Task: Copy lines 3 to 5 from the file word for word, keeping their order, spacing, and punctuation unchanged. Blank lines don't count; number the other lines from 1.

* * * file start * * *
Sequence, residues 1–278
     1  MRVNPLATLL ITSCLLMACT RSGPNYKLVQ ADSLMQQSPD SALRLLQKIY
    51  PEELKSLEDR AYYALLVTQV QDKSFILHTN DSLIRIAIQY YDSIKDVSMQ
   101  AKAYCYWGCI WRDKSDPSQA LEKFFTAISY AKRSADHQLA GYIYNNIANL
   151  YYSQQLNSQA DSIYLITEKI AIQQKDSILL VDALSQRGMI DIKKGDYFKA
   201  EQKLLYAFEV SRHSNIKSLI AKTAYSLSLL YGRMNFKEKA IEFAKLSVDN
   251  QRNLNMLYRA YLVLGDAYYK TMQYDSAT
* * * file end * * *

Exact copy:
    51  PEELKSLEDR AYYALLVTQV QDKSFILHTN DSLIRIAIQY YDSIKDVSMQ
   101  AKAYCYWGCI WRDKSDPSQA LEKFFTAISY AKRSADHQLA GYIYNNIANL
   151  YYSQQLNSQA DSIYLITEKI AIQQKDSILL VDALSQRGMI DIKKGDYFKA